The hack: One US passenger recommended buys a cheaper economy ticket at the back of the plane for a domestic flight. He patiently waits to be called, and when he’s sure he’s the last passenger entering the plane he boards, sees if there are any free rows at the front and then sits in one accordingly.
Will it get you in trouble? Quite possibly. Let us level with you: this one is dishonest at best and borderline unlawful at worst. Some may call it a victimless grift seeing as though the seats are empty anyway but under Civil Aviation Authority (CAA) rules you get the seat you pay for unless you are otherwise upgraded by the airline.
While there’s a chance that the seats are simply empty and free, they could have also been left empty for a specific reason — to leave emergency exits clear, allow disability access or provide somewhere for returning (and exhausted) cabin crew to sit. If you do want to take your chances why not try putting on a smile, saying hello to the cabin crew and just asking politely if they’re able to move you? You’d be surprised how far being polite and courteous can get you in these situations.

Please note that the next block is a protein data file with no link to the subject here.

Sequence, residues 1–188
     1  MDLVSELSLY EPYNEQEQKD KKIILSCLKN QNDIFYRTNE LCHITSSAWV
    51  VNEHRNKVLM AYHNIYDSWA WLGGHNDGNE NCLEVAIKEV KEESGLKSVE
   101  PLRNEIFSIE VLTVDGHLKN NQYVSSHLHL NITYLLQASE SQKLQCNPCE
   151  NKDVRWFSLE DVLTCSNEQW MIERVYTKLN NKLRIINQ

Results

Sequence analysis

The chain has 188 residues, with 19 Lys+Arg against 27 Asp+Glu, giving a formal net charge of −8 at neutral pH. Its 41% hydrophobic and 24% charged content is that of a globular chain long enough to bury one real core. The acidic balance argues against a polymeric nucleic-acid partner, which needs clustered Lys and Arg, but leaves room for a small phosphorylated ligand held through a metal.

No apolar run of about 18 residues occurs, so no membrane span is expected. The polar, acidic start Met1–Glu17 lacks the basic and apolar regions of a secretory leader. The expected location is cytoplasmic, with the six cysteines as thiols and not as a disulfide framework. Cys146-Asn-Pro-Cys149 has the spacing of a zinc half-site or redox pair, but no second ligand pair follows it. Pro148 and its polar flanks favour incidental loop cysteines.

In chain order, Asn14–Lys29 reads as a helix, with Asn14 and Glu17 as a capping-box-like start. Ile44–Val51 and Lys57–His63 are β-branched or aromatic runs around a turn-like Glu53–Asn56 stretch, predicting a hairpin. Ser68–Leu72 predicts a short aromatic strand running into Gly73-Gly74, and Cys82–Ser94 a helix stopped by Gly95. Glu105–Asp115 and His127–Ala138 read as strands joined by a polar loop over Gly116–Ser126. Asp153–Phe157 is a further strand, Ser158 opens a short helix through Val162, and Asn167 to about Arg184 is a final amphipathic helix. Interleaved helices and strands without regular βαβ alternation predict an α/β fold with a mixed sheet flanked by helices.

Turn your carry-on pillow into free luggage
The hack: This is exactly what you think it is: stuffing a pillow with clothes and belongings that didn’t fit into your basic carry-on without exceeding limitations. This popular TikTok shows three women waltzing through a Spanish airport having shoehorned a bundle of summer clothing into three cushions they carried on to a flight.
Will it get you in trouble? Frankly, it’s debatable. The likes of Ryanair and easyJet have been allowing people to bring pillows aboard for aeons — not to mention goading customers on social media over the more inventive means of maximising carry-on. Given the clothing and pillows are effectively perfect for stashing extra items, it was only a matter of time before people looking to avoid steep luggage prices steeper would see how far they could push it. The TPG verdict? You might very well get away with this one provided you’re not filling your pillow with anything that wouldn’t get through security anyway.